Delegation is controlled by marking a system as Trusted for Delegation and should be carefully limited to servers that you trust to identify users and act on their behalf-a server trusted for delegation could claim to be a Domain Administrator, for instance.

There are some actions that positively require the use of a password-decrypting files protected by EFS, for instance, is governed by a private key that is encrypted using a key derived from the user's own password. If you do not know the user's password, you cannot use the user's private keys, and you cannot decrypt files on behalf of the user. (You are able to give the raw, encrypted bytes to the user's process, for that process to decrypt with the user's key-that may look as if the server is decrypting the EFS file without access, but the decryption is really done locally.)

Integrity Controls

Vista introduces the concept of mandatory integrity controls to Windows. Every user account, file, object, application, and process in Windows has an integrity level. Integrity levels are:

  • Low

  • Medium

  • High

  • System

Most users and objects have a Medium integrity level. Even members of the Administrators group, who are not the true Administrator, only have Medium integrity when not elevated. The real Administrator has High integrity. Most Windows services and kernel mode programs run with System integrity. Internet Explorer in Protected mode runs with Low integrity. Any object without an integrity level is automatically treated as having Medium integrity.

Actually, there are at least two other integrity levels used by Vista, but rarely seen: Anonymous and Protected Process. The Anonymous integrity is assigned to anonymous null session connections. This makes unauthenticated connections less of a threat than they were in previous Windows versions. Protected Process integrity is used by the system for integrity needs beyond System.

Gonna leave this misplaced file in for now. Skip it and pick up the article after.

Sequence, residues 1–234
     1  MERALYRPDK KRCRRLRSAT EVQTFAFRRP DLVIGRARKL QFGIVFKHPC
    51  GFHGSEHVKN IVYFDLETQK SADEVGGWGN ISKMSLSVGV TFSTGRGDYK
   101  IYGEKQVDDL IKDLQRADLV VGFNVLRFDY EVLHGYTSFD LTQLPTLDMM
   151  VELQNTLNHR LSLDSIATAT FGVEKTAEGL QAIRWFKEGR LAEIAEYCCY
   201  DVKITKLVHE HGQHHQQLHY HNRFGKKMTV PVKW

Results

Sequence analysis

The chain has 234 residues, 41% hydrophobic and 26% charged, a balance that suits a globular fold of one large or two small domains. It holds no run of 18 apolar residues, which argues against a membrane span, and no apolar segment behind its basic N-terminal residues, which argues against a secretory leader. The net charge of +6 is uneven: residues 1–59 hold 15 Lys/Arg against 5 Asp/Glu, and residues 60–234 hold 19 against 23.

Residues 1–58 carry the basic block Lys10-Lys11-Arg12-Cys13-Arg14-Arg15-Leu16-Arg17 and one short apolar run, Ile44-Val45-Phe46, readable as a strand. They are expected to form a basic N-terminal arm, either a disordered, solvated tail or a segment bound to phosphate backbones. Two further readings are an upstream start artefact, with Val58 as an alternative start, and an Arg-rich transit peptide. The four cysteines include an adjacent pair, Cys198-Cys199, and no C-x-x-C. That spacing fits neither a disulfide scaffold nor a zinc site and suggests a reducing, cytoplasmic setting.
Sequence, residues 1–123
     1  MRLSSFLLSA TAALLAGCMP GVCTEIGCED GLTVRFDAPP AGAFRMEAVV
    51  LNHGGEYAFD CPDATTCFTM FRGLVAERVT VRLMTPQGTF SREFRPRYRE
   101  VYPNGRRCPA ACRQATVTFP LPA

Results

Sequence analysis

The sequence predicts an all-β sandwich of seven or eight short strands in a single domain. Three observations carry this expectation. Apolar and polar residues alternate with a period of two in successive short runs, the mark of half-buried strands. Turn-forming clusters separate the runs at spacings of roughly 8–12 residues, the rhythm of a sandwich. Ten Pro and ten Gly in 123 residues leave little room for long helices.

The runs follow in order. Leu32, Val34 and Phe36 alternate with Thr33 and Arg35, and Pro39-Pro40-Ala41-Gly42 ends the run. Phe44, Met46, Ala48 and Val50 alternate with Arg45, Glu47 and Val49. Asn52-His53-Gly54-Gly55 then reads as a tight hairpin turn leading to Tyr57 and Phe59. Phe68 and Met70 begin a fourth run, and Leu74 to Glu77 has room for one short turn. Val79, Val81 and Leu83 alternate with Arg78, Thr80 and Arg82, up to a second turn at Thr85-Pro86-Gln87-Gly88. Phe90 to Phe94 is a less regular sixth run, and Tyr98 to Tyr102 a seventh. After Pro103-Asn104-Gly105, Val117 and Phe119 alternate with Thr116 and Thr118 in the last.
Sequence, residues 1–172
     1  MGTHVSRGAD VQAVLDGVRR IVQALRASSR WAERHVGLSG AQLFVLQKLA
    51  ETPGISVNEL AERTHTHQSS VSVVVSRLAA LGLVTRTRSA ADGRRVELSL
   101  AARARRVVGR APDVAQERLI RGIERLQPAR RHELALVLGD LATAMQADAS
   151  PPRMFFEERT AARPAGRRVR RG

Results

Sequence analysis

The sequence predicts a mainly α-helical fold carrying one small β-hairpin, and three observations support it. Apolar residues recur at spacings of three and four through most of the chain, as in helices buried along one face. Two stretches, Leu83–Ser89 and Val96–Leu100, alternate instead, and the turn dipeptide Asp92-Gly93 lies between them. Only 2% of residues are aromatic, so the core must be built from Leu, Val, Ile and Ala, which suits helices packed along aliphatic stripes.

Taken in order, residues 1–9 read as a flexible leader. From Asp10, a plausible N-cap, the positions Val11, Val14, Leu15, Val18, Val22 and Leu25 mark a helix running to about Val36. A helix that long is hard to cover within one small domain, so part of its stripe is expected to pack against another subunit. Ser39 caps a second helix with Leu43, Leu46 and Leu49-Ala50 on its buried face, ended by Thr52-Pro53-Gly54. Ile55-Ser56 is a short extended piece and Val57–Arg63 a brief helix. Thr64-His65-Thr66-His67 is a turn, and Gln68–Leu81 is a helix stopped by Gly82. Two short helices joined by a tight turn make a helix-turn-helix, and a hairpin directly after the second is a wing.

Child processes or objects created by a parent process or object normally gets assigned the same integrity process of the parent. User or objects of lower integrity cannot write to objects of higher integrity, no matter what their NTFS or Share permissions are. Users or objects can write to objects or processes of the same or lower integrity, if their assigned NTFS permissions also allow it.

Integrity levels can be viewed by using the new Icacls.exe command-line program. Initially, Microsoft wants integrity levels to be used to prevent unauthorized writes, but mandatory integrity controls can also be used to prevent Reads and Executions programmatically.

The net result of integrity controls is that users, even Administrators, will have a harder time modifying system files and processes. Programs and malware arriving via Internet Explorer running in Protected mode (i.e. Low integrity) will have an even harder time manipulating everything else in Windows (not marked with Low integrity). This should reduce the number of malware programs that silently modify and infect Windows through Internet Explorer. Integrity controls are yet another defense-in-depth control that Microsoft has added to Windows.

Items of lower integrity cannot modify items of higher integrity, regardless of the Share or NTFS permissions.